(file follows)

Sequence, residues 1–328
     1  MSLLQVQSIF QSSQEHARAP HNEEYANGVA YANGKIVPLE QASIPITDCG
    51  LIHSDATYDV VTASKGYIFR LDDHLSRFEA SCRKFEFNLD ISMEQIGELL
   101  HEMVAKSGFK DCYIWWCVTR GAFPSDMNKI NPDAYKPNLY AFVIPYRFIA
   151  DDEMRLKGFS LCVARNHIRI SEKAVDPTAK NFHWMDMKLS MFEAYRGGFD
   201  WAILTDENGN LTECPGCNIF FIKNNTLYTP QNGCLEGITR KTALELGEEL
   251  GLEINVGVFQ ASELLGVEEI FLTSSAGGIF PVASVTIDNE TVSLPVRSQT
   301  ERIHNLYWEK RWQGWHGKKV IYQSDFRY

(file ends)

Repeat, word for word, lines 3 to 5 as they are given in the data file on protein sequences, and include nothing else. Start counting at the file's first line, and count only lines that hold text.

    51  LIHSDATYDV VTASKGYIFR LDDHLSRFEA SCRKFEFNLD ISMEQIGELL
   101  HEMVAKSGFK DCYIWWCVTR GAFPSDMNKI NPDAYKPNLY AFVIPYRFIA
   151  DDEMRLKGFS LCVARNHIRI SEKAVDPTAK NFHWMDMKLS MFEAYRGGFD